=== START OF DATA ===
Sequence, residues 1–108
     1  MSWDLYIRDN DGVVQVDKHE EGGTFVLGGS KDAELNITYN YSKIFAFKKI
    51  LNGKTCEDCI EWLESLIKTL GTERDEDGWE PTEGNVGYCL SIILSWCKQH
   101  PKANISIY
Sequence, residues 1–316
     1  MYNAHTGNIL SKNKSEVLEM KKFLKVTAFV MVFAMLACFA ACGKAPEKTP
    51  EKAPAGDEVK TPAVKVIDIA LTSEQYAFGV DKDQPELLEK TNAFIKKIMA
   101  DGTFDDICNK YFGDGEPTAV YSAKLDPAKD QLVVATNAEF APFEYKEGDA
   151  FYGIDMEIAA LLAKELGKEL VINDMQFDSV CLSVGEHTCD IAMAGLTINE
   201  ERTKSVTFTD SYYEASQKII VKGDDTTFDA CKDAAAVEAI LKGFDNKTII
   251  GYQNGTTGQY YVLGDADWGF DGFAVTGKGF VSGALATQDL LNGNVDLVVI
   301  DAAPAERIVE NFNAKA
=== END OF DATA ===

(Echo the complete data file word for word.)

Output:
Sequence, residues 1–108
     1  MSWDLYIRDN DGVVQVDKHE EGGTFVLGGS KDAELNITYN YSKIFAFKKI
    51  LNGKTCEDCI EWLESLIKTL GTERDEDGWE PTEGNVGYCL SIILSWCKQH
   101  PKANISIY
Sequence, residues 1–316
     1  MYNAHTGNIL SKNKSEVLEM KKFLKVTAFV MVFAMLACFA ACGKAPEKTP
    51  EKAPAGDEVK TPAVKVIDIA LTSEQYAFGV DKDQPELLEK TNAFIKKIMA
   101  DGTFDDICNK YFGDGEPTAV YSAKLDPAKD QLVVATNAEF APFEYKEGDA
   151  FYGIDMEIAA LLAKELGKEL VINDMQFDSV CLSVGEHTCD IAMAGLTINE
   201  ERTKSVTFTD SYYEASQKII VKGDDTTFDA CKDAAAVEAI LKGFDNKTII
   251  GYQNGTTGQY YVLGDADWGF DGFAVTGKGF VSGALATQDL LNGNVDLVVI
   301  DAAPAERIVE NFNAKA